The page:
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Case Reports
September 1950

ACUTE SUPPURATIVE INFECTIONS OF THE SALIVARY GLANDS IN THE NEWBORN

Author Affiliations

BROOKLYN
From the departments of pediatrics, St. John's Hospital, and Long Island College Division, Kings County Hospital.

Am J Dis Child. 1950;80(3):413-416. doi:10.1001/archpedi.1950.04040020424007
Abstract

Acute suppurative infection of the salivary glands, or sialadenitis, is a distinct entity and occurs not infrequently during the first four weeks of life. The clinical syndrome is characterized by swelling of the gland, fever, anorexia, irritability and failure to gain weight. The ultimate diagnostic criterion is the appearance of pus in the oral cavity exuding from the natural opening of the involved salivary gland on gentle external pressure over the gland. Usually a single gland is involved, oftenest the parotid, although all the salivary glands have been reported to be affected.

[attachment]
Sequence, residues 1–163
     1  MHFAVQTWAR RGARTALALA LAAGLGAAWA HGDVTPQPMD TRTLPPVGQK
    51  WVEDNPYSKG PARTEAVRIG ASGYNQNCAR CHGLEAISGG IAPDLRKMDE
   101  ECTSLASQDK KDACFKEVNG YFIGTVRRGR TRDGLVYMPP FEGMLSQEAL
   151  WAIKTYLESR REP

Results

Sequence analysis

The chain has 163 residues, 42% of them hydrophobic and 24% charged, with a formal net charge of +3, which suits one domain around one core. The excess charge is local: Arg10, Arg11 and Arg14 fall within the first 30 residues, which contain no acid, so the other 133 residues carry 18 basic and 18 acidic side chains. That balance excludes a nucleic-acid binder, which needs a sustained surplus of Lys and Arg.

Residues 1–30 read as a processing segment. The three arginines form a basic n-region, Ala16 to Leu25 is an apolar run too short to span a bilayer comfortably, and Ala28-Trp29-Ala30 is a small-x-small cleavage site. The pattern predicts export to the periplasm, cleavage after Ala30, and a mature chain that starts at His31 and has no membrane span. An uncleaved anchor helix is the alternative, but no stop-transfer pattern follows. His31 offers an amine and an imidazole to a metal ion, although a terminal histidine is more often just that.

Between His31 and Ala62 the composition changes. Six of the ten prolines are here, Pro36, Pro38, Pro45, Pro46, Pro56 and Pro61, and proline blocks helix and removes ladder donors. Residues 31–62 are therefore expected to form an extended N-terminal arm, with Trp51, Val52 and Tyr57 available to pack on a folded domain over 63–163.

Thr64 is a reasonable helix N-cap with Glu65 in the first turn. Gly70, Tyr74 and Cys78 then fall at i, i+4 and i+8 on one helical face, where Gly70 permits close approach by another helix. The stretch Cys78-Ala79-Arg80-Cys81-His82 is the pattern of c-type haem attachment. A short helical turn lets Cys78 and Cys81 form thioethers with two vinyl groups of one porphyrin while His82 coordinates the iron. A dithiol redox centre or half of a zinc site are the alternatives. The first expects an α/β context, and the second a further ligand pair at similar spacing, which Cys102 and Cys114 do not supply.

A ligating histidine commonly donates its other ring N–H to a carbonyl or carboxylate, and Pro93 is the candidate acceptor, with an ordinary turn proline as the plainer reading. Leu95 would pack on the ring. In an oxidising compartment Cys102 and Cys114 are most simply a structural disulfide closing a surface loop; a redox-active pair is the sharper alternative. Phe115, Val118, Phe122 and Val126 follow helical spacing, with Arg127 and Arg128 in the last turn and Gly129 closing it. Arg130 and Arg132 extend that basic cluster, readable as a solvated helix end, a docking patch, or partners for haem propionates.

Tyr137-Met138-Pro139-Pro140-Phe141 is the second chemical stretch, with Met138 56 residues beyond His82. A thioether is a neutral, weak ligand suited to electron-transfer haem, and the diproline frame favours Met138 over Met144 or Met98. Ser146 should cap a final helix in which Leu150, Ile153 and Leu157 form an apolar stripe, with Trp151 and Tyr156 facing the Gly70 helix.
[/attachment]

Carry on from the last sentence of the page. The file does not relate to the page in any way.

I am reporting 2 cases of acute infection of a salivary gland occurring in the neonatal period. In the first case the left parotid gland was the seat of the infection, and in the second the right submaxillary gland was involved.

REPORT OF CASES  Case 1.—Baby S. M., a white female infant, was delivered by cesarean section. She

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